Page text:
News & Features
The World's Biggest and Most Expensive Yacht
The Eclipse is absolutely ginormous—at 560ft (170m) long, it makes minnows of Wally's Floating Island, Paul Allen's Octopus and every other monster yacht in the world. And while owner Roman Abramovich has lost an estimated 3 billion UK pounds in the current financial crisis, word is that he's still sparing no expense on his biggest and best toy yet.
Abramovich will need as many as 70 crew members to run the Eclipse, which also features two helipads, 11 guest cabins, two swimming pools (one of which can be drained and converted into a dance floor), three launch boats, an aquarium and a mini-submarine that can dive to 50 meters below the ocean surface.
The billionaire's master bedroom will be armor-plated and fitted with bulletproof glass, as will the bridge. Missile detection systems will warn the crew of any incoming rockets, and there's a bunch of anti-intruder, anti-bugging and other security systems on board—which might come in handy if Russia qualifies for the Soccer World Cup in 2010. Should Abramovich decide to take the Eclipse for a spin down to South Africa to watch, this gargantuan pleasure craft would make a tasty prize for the increasingly bold Somali pirates that work Africa's East Coast.
But it's the Eclipse's anti-paparazzi system that's stirring up the most interest. Abramovich and his ex-model girlfriend Daria Zhukova are so keen not to appear in tabloid spy shots that he has fitted the Eclipse with an innovative laser system that is said to be able to detect the CCDs of digital cameras and blind them with laser bursts—rendering any photos useless, presumably without destroying the cameras.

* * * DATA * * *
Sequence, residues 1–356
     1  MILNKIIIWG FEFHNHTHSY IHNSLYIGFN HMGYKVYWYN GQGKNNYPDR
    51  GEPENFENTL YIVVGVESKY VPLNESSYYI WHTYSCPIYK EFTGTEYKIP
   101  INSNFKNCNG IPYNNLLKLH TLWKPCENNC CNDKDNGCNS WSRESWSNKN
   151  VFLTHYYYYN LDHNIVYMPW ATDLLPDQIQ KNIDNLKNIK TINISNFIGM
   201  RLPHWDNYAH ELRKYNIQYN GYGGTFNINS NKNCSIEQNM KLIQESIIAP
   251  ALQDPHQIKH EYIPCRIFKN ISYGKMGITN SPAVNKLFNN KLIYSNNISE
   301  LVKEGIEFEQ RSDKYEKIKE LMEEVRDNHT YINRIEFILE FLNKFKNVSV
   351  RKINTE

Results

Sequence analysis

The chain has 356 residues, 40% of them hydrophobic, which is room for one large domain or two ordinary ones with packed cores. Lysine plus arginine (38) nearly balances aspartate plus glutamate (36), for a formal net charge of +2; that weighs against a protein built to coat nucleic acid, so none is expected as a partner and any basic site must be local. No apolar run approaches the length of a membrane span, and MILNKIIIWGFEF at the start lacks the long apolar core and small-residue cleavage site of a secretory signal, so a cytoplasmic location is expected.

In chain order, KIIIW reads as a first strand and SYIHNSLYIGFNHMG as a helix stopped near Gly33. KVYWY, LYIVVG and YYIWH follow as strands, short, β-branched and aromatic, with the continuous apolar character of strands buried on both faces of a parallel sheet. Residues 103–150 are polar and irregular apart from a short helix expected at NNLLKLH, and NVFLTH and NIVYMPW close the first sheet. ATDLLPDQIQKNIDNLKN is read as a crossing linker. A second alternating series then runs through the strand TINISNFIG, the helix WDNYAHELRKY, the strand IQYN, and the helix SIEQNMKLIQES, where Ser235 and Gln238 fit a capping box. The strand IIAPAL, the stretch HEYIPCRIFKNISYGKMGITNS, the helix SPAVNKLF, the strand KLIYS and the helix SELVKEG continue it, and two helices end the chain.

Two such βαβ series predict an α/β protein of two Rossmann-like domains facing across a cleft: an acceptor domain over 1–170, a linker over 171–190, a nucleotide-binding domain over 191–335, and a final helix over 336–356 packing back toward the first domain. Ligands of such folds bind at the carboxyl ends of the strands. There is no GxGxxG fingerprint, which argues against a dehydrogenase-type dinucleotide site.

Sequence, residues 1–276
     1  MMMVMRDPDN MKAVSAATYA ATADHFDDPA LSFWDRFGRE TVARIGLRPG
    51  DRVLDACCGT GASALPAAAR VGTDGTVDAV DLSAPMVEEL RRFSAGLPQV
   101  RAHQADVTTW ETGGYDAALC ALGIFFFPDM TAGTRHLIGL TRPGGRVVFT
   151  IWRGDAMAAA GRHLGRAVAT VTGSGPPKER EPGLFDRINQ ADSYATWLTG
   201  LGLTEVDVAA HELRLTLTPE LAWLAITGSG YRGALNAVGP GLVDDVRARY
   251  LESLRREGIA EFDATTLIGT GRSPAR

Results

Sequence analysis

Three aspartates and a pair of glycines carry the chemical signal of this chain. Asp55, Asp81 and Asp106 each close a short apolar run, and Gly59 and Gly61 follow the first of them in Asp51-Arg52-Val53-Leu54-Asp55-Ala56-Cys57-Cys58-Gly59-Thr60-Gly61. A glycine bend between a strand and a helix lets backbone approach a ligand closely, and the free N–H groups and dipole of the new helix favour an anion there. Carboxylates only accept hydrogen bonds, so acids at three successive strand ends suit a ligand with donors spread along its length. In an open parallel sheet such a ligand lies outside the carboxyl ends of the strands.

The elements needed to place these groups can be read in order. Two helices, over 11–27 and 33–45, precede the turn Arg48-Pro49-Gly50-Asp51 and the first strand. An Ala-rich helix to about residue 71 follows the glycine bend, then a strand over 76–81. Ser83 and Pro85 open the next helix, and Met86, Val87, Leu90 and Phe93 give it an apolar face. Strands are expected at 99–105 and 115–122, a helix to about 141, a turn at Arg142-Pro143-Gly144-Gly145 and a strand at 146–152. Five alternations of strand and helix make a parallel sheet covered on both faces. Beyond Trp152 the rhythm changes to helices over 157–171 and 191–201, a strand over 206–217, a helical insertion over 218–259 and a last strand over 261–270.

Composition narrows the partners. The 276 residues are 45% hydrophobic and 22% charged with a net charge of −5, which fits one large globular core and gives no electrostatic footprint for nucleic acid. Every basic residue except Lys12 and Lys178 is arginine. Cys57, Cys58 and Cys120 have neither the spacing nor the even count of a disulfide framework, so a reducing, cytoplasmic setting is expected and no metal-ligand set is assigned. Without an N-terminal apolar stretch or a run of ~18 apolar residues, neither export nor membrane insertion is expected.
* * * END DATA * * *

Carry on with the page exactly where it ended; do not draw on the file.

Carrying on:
The anti-paparazzi system won't be permanently activated, so Abramovich's guests will be able to take happy snaps while on board—but if security personnel see a nearby vessel and suspect that there are photographers on board, it can be quickly switched on.
This kind of protection, of course, will do little but stir up the interest of the most hardcore paparazzi—and presumably the system is useless against good old film cameras. But it's an indication of just how annoying such intrusions must be when you're one of the world's richest men, riding on the world's biggest private yacht with your supermodel girlfriend. Sorry Roman, but I'm not sure if I can drum up a whole lot of sympathy here.